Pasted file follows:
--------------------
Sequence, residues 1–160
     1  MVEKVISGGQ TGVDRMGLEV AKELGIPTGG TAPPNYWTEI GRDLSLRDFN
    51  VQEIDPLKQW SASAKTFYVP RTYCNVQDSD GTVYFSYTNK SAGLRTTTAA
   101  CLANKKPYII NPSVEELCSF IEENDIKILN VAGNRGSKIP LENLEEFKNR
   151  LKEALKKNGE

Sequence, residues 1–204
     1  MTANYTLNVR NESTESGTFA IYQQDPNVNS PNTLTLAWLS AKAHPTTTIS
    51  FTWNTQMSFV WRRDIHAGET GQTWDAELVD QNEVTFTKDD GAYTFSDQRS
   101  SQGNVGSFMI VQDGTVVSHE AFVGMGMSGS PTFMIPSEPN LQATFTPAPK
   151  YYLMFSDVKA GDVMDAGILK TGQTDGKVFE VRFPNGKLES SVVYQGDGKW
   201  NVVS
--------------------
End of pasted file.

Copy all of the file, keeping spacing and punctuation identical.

Sequence, residues 1–160
     1  MVEKVISGGQ TGVDRMGLEV AKELGIPTGG TAPPNYWTEI GRDLSLRDFN
    51  VQEIDPLKQW SASAKTFYVP RTYCNVQDSD GTVYFSYTNK SAGLRTTTAA
   101  CLANKKPYII NPSVEELCSF IEENDIKILN VAGNRGSKIP LENLEEFKNR
   151  LKEALKKNGE

Sequence, residues 1–204
     1  MTANYTLNVR NESTESGTFA IYQQDPNVNS PNTLTLAWLS AKAHPTTTIS
    51  FTWNTQMSFV WRRDIHAGET GQTWDAELVD QNEVTFTKDD GAYTFSDQRS
   101  SQGNVGSFMI VQDGTVVSHE AFVGMGMSGS PTFMIPSEPN LQATFTPAPK
   151  YYLMFSDVKA GDVMDAGILK TGQTDGKVFE VRFPNGKLES SVVYQGDGKW
   201  NVVS